...not (necessarily) that suffering is "illusion" but that the idea--essentially--is to look at it another way in order to end clinging to the concept of it as suffering.


So how isn't this compatible with a benevolent God?



Not a bad assessment by Wikipedia, but I'd clarify further by making a subtle correction.  Different schools of Buddhism each have their own slight variations, but the view of suffering as illusory is not intended in any school (to my knowledge) to foster the belief that suffering is all purely illusion.  Suffering is of course a real phenomenon.  Rather, this view is more complex in that it relies on the evident reality that all is impermanent and changing, hence both real and unreal at the same time.  We refer to the self as if we were a constant entity, for instance, yet we are also always changing: biologically and mentally.  We're quite different today from who were were at birth, at 10 years old, at 20, etc.  This view helps us relinquish our wrong perceptions of reality as fixed in any manner, a perception which perpetuates ignorant streams of thoughts which in turn foster suffering.


As for God, I wouldn't say Buddhism is incompatible with theism in general (from a human vantage point).  But one must understand that Buddhism deals with suffering pragmatically, as it is.  The Bodhisattvas, avowed to help all sentient beings attain enlightenment and forego their own final nirvana until all beings are thus awakened and free from suffering, serve as the ideal in Mahayana Buddhist schools.  But they did not create this mess in the first place, they seek only to alleviate the mess.


The Christian God, however, is the cause of the world's existence according to the Bible, and therefore cannot be rightly called benevolent, since God has allowed the cruelties and hardships we experience to exist by intentional design.  The argument can be soundly made, therefore, that God is either indifferent or has a split personality (e.g. benevolent and malevolent qualities in one being).


Jul 4, 2012 -- 6:39AM, Adelphe wrote:


I already gave you two improvements: less inevitable suffering in existence, and people who are wiser from the start.  So no, it's not the best of all possible worlds. :)



Not so fast ;-)--you gave me two ideas of what improvement might be, but you haven't given me how it would happen.  For example, what does it really mean to have "people who are wiser from the start" and how would that have manifested itself (and what are the implications in other areas?  Tweak this, that gets tweaked, etc.)



Let's start with one change: a world where people are bestowed with IQs of 200+, and the comparable wisdom and compassion to match.  A world where nobody has any desire to kill babies, abuse children, enslave other sentient beings, beat women into submission for millennia, or perform any of the variety of other evils we have seen in this universe.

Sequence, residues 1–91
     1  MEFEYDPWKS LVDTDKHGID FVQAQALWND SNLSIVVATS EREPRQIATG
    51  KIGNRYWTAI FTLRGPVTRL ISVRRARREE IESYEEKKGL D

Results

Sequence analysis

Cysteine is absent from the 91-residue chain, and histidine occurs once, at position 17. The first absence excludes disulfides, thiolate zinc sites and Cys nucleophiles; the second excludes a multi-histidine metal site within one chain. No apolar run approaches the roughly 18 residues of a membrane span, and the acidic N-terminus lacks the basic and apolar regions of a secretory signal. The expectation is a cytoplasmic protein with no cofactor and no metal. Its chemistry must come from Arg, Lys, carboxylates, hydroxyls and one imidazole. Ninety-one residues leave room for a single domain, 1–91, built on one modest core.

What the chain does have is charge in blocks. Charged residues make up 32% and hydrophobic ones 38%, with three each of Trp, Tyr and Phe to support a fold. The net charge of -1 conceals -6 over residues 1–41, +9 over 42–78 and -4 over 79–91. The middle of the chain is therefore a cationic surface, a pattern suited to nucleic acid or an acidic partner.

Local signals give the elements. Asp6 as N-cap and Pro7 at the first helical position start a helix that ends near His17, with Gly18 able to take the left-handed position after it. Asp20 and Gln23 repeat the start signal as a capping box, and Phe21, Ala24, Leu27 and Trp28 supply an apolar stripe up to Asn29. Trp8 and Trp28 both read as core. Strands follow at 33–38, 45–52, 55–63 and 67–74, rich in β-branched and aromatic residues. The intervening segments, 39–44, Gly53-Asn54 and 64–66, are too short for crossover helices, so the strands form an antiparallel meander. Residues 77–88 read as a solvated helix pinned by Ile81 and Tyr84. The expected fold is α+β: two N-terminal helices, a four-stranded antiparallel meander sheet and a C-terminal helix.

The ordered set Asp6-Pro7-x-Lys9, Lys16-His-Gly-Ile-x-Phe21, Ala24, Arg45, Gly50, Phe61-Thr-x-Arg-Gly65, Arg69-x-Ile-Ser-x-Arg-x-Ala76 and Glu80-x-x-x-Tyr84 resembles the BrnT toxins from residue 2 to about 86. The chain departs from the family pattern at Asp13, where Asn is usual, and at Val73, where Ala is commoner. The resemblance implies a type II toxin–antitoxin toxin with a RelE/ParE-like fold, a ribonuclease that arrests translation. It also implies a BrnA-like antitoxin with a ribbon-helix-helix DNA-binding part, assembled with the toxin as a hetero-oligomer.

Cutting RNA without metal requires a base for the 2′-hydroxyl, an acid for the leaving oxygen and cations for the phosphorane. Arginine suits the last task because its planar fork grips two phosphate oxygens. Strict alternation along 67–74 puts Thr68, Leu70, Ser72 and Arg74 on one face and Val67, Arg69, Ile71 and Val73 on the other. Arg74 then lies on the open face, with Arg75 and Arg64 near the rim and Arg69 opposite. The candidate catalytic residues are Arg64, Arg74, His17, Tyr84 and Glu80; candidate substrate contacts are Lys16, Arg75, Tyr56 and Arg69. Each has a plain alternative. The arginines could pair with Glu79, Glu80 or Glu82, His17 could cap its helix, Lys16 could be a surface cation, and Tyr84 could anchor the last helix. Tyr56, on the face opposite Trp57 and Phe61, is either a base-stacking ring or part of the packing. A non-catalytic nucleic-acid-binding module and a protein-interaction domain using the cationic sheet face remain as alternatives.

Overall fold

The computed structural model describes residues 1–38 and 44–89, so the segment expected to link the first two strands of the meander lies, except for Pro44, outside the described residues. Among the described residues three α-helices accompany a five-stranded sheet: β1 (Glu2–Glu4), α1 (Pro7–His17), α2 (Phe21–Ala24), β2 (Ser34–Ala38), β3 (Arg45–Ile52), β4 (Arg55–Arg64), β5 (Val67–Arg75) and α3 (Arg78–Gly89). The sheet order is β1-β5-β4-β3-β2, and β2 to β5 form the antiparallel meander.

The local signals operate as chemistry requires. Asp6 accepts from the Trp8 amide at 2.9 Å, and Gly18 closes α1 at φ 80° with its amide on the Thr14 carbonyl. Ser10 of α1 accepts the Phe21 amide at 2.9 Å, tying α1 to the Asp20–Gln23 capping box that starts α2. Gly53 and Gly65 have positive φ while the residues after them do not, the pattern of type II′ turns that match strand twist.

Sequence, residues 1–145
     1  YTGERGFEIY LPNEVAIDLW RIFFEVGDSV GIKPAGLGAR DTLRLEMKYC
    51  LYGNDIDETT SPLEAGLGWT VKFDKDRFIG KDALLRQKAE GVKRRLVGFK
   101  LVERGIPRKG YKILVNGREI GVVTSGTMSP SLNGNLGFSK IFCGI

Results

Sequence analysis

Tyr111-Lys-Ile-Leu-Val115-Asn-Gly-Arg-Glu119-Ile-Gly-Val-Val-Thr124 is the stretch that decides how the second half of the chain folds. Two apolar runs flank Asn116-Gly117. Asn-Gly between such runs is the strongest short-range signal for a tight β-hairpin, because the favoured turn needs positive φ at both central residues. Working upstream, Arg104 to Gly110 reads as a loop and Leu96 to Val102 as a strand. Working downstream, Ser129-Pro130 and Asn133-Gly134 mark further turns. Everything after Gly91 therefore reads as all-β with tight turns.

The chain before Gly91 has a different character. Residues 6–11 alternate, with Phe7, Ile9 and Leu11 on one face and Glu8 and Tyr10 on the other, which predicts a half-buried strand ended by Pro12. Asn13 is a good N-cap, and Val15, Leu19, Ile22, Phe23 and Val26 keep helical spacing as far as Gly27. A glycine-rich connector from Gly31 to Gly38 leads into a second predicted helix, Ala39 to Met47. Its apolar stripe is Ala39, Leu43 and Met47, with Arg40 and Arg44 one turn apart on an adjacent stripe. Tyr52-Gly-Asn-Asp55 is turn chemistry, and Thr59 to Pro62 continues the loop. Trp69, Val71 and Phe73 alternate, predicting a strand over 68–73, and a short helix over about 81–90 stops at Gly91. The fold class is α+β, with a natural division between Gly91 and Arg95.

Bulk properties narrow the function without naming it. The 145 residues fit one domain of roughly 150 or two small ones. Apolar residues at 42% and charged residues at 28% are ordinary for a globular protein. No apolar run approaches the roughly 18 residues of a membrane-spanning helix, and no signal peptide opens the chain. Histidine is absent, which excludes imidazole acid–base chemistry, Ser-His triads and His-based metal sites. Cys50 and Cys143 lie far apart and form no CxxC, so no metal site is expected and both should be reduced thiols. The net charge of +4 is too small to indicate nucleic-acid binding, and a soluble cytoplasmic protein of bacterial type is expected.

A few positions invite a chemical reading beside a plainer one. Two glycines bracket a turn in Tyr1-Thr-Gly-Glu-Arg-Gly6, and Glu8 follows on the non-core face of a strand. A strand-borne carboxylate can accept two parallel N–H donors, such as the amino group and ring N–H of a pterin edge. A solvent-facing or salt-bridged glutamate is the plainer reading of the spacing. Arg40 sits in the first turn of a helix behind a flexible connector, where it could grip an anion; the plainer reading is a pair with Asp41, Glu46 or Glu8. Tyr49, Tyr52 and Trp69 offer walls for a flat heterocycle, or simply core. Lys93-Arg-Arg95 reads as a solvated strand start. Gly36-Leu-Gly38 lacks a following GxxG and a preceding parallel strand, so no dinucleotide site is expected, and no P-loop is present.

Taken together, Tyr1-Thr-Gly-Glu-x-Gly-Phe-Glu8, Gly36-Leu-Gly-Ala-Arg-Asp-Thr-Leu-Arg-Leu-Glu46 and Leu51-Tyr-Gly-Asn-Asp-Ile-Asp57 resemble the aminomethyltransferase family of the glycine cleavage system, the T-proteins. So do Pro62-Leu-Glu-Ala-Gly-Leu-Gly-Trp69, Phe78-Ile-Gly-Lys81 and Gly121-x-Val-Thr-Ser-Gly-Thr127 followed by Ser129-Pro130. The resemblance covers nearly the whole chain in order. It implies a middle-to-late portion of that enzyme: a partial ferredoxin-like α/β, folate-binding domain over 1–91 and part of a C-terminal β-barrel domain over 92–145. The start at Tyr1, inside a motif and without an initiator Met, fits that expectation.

So... what's wrong with this?  Why would it be worse than our world?


Jul 4, 2012 -- 6:39AM, Adelphe wrote:


How does that answer my question?  Are you saying God had no choice but to create this, the best world possible, that it was this, or nothing, or something worse?



I haven't seen any other world advanced here (or anywhere, actually) that could be considered better so yes.



a) This is an argument from ignorance.


b) I have just clarified what I mean by such a world.


Jul 4, 2012 -- 6:39AM, Adelphe wrote:


If so, my question remains unanswered.  Even if this were the best possible existence, it still requires (assuming ID) a creator capable of creating and allowing all this existence includes.  It would be capable of creating or allowing such atrocities as we've seen in human history, as well as humanly inevitable atrocities like infant mortality and the torture of children.  In short, I repeat: an all-benevolent and compassionate being is incapable of creating this universe and/or allowing it without intervention due to the nature of that being's compassion; it would be morally compelled to either create things differently or not create them at all.



A few comments here:


1.  In Buddhism, the notion of "suffering" is a...notion--so how do you answer that in this context?



I am not sure what you mean here?


Jul 4, 2012 -- 6:39AM, Adelphe wrote:

2.  There is and has been intervention



Not nearly enough it seems. The fact that infanticide and other evils occur at all makes my case that if there is an omniscient and omnipotent creator, then it not only tolerates evils but caused them, and therefore cannot be considered benevolent.  Indifferent or apathetic would be the best case scenario to describe this God.


Jul 4, 2012 -- 6:39AM, Adelphe wrote:

3.  I asked this question earlier in this thread of someone (Blu?  I think?)--is not having any world at all really "better"?  Could we all say, for example, that we all wish we had never been born?



My argument does not hinge on whether this is or is not the best possible world.  My argument is that a benevolent creator could not create this universe, period.  Because it would be morally compelled to create something different (e.g. create people with more wisdom and compassion, for starters) or not at all.